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We have a VB6 app that calls out to a .NET DLL. Occasionally, after the VB6 app has been running for a long time and has called the .NET code a lot, the .NET side of things throws an OutOfMemory exception, even though there is plenty of memory available on the machine. The VB6 memory space is also no where near it's limit.

Does the .NET side keep a separate memory pool? Or is it apart of the VB6 app's memory pool?

If it is separate, is there a way to see how big it is? The only huge memory items in my Task Manager are SQL Server and the VB6 app (both expected).

This doesn't happen too often, but when it does, it's hard to pin down why the system won't allocate more memory.

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4 Answers 4

It seems like a memory leak somewhere, and assuming the dll and calling app are correct, it may be in the call. Check the parameter data types, and byref vs. byval. Parameters in .net default to byval, in vb6 byref. There are various string types in each that are not always converted properly on a call to a library.

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up vote 1 down vote accepted

The answer ended up being very simple:

A .NET DLL built with DEBUG configuration will leak while running.

Switching to a RELEASE build fixed my issue.

Background:

I finally got ANTS to debug the VB6 app and see the .NET process (had to change the VB6 code to load the .NET code as soon as possible). Once I did that, I saw a huge number of weak referenced objects whose parent was __ENCList. This classes allows for Edit and Continue during debugging. A quick Google search showed immediately this was caused by using a DEBUG build.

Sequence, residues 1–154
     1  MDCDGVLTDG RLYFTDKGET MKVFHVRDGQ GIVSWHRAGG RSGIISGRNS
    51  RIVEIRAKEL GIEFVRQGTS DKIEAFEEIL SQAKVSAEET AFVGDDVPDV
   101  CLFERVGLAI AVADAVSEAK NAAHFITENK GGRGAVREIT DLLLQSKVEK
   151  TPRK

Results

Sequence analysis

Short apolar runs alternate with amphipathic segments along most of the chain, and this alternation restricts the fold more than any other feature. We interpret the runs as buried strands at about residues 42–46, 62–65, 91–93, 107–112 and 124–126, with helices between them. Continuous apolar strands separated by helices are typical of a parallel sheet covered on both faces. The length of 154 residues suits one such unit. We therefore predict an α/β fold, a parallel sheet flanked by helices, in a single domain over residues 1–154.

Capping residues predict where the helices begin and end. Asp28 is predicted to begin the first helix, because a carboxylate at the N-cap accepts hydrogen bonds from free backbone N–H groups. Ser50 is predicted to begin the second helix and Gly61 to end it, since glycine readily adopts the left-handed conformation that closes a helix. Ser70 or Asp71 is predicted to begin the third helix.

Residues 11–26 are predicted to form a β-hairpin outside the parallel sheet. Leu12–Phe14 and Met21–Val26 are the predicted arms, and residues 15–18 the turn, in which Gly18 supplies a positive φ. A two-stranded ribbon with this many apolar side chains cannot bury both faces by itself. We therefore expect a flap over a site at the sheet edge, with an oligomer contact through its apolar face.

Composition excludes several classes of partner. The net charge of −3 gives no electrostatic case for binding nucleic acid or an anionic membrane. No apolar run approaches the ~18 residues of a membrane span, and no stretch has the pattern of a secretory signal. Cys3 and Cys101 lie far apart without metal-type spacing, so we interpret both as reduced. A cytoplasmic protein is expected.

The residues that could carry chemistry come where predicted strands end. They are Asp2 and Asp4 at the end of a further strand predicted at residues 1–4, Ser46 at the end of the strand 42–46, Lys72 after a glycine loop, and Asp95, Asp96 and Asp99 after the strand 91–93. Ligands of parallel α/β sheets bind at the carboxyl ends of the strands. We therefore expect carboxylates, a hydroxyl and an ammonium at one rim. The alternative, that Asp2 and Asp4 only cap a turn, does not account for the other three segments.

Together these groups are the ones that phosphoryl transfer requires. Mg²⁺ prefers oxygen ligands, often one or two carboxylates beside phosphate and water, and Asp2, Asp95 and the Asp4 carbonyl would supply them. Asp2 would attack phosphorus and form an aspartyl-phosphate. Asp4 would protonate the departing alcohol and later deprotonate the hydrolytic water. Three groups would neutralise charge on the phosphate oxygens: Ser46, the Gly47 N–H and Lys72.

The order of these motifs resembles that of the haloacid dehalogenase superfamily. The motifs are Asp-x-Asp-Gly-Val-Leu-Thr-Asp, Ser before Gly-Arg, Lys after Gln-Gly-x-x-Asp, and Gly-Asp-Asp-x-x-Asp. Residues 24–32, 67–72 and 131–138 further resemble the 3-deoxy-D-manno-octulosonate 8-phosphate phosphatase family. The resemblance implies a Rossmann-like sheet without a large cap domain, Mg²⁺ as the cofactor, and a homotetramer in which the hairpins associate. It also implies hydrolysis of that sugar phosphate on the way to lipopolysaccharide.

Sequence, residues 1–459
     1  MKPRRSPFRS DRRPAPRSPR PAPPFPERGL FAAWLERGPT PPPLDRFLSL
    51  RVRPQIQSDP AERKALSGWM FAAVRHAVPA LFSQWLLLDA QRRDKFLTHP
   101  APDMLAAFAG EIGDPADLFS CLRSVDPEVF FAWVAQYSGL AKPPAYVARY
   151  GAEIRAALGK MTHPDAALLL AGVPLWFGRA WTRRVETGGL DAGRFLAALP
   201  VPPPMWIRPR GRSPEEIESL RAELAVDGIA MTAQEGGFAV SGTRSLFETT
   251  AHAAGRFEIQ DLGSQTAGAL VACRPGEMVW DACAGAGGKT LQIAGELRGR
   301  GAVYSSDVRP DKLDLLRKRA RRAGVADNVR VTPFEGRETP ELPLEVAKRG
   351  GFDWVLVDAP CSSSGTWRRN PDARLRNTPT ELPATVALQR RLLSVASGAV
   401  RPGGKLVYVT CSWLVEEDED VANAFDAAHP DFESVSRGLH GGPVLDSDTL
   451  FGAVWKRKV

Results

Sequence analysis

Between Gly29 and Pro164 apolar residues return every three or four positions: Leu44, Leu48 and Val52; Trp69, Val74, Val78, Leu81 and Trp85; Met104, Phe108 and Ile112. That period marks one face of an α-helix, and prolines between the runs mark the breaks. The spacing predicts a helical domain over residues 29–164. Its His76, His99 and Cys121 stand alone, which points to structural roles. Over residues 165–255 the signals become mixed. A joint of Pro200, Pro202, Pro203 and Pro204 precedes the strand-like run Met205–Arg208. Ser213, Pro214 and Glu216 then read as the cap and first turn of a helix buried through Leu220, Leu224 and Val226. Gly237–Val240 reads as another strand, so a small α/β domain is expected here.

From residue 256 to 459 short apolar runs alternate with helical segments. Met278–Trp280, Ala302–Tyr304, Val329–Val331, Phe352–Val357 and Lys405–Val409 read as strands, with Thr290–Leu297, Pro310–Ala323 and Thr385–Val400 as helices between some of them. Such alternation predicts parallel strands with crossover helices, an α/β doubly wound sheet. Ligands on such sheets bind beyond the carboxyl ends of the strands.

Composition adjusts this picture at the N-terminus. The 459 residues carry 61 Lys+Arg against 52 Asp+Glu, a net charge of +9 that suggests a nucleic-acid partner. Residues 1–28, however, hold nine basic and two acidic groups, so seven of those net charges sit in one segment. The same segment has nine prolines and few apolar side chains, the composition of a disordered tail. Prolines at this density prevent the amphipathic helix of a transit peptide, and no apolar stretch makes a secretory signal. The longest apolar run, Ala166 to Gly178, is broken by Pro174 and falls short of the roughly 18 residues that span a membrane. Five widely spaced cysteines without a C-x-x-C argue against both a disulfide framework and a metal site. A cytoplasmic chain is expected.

My Google Search

Links:

WeakReferences in Debug Build

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First thing to check is the pinning of objects in your memory. In a multi-threaded environment this can get out of control fairly quickly depending on how the code is written. When .NET goes to grab more memory it will take it in 8, 16, or 32 MB blocks and those blocks need to be completely clean. That is, you may have hundreds of MB of free memory but if there isn't a 32 MB block free without anything else in it then you get the OOM you've been seeing. I highly suggest getting a memory profiler such as ANTS and taking a closer look at things.

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Unfortunately, this is a single threaded application. I will take a look at things with ANTS though. Maybe I have some serious memory fragmentation. –  Patrick Burleson Nov 12 '09 at 17:14
    
Bugger, seems rather difficult to use ANTS when the parent process is a VB6 executable that's loading a .NET dll. –  Patrick Burleson Nov 12 '09 at 17:55

More often than not this error should be read as out of GDI Objects. Check the GDI/Handles counter in Task Manager processes tab or use GDIView.

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I'll take a look at that as well. I seem to remember having about 100 GDI objects in the task manager. Seems to be well under the limit of 10,000 set in the registry. –  Patrick Burleson Nov 12 '09 at 17:54

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